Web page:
Anesthetic Considerations

Children present anesthetic challenges different from those in adults, but those under 10 kg in size present unique anesthetic considerations. Intravenous access is best secured with a large single lumen tunneled catheter directly into the internal jugular or subclavian vein. Large bore catheters are essential for adequate fluid and blood replacement since babies have small circulating volumes which are rapidly depleted in the face of ongoing hemorrhage. In addition to a fluid replacement catheter, a double lumen central catheter is also desirable for drug administration. An arterial line is also essential. Tunneled catheters provide long term IV access in infants who may otherwise present great difficulties in drawing blood or starting IVs as outpatients.

Heat preservation may be a problem in small children who are often hypothermic during a long transplant. Devices to direct warm air along the body of an infant are very helpful in maintaining core temperature above 35° during the operation. Rapid infusion systems should be available if blood loss is anticipated to be heavy. Cell saver devices are impractical in children less than 10 kg in size because of the relatively small volume of blood lost in these children.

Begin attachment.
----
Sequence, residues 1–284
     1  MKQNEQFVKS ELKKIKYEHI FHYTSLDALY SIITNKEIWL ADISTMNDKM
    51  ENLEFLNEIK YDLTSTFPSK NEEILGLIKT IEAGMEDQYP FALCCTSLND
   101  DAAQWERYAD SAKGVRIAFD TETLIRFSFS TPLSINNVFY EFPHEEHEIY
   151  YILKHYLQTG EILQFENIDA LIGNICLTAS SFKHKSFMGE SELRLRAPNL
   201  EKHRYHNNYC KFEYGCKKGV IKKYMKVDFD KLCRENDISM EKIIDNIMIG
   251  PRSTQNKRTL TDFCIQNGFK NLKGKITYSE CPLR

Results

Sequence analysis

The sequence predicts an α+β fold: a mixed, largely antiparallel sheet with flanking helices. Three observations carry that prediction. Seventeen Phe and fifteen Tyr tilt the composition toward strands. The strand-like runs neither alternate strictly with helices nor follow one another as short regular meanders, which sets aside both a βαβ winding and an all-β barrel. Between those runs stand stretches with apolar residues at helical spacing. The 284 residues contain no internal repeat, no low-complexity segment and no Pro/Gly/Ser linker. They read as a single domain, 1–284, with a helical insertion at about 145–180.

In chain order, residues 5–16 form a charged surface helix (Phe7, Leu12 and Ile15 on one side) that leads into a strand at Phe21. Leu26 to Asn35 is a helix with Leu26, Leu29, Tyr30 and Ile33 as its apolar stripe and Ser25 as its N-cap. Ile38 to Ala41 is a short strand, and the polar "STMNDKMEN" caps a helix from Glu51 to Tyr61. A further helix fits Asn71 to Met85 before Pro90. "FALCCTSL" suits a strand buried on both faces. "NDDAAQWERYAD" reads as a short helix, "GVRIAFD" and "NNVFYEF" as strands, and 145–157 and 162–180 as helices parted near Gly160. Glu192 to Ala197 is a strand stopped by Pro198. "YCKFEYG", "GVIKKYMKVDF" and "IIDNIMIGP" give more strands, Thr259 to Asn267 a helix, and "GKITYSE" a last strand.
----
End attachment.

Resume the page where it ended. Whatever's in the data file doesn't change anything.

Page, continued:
It is useful to have at least two anesthetists who are experienced in the care of children during a transplant operation. One set of hands, however knowledgeable, may not be sufficient to deal with the many tasks that are necessary for a successful anesthetic. Blood monitoring for blood gases, serum electrolytes, calcium, magnesium and blood counts should be done at least once per hour, even in stable situations. Monitoring of coagulation parameters is essential for the management of the bleeding complications often seen during a liver transplant. A thromboelastogram device may be helpful in pinpointing a coagulation defect in the face of ongoing bleeding with abnormal bleeding times.

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